Religion and Inequality in America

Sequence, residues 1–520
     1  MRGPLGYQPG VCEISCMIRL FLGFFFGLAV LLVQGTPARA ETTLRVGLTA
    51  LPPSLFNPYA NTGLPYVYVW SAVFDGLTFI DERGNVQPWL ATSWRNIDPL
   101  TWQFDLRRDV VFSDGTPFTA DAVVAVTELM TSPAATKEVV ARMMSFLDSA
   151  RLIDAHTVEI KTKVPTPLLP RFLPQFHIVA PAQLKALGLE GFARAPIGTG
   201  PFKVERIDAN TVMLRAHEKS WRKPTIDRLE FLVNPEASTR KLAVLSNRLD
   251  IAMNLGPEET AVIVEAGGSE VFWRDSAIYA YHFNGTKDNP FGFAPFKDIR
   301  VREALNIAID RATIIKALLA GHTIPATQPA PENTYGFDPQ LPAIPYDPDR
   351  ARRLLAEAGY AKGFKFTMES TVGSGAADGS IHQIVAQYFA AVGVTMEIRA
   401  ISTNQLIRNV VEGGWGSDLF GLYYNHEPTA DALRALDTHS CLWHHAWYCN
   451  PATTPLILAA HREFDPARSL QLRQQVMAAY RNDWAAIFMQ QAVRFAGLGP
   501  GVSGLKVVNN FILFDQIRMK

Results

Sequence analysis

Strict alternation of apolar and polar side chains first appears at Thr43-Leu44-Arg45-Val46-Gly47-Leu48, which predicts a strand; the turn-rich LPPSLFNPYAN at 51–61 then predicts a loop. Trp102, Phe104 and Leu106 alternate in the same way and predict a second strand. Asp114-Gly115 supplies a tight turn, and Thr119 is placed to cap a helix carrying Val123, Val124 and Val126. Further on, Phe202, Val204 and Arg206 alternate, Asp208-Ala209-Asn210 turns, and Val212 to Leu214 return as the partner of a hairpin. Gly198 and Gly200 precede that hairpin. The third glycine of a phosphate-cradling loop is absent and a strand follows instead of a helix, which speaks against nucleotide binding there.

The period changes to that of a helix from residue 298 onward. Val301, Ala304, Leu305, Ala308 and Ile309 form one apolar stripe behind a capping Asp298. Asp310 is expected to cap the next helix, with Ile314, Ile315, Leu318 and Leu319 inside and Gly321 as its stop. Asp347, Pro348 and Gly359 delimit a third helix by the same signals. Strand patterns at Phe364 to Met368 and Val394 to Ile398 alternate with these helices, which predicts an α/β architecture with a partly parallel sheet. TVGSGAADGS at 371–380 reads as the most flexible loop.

It was a nice surprise to find copies of our book, Religion and Inequality in America: Research and Theory on Religion’s Role in Stratification, in the mail today. It wasn’t exactly clear when it was coming out, and a friend of mine who pre-ordered said she got hers last week….Lisa Keister did a wonderful job in riding herd and convincing people to contribute, and in the end I think we have a really nice set of original works that cover the gist of the field. It’s embarrassing to still be seeing manuscripts that are submitted for publication which are completely clueless about the large and growing literature showing the distinctive impact of religion on stratification. Key among the findings of the most important essays in the volume is that life course processes and orientations towards education and women’s roles are key for either enabling upward mobility or anchoring disprivilege. In the US, this mostly means that secular people, liberal Protestants, Catholics (especially European ones….) and non-Christians (including not only Jews, but also Hindus, Buddhists, and Muslims) outdistance sectarian Protestants. It isn’t even close, and it doesn’t matter what indicator of stratification you look at (education, occupation, income, or wealth). Nice contributions by key researchers in the field including Jen’an Read, Chris Ellison, Michael Hout, Evelyn Lehrer, Fred Solt, Jim Davidson, Ralph Pyle, Rebekah Massengill, Jennifer Glass, Scott Fitzgerald, John Bartkowski, Scot Schieman, Margarita Mooney, Michael Lindsay, and many other collaborators. I was glad to do a chapter with my former student Nadia Amin looking at religion, gender, and educational attainment among US immigrants–the main takeaway being that the Hindus are the new Jews—unless patriarchy tanks them.


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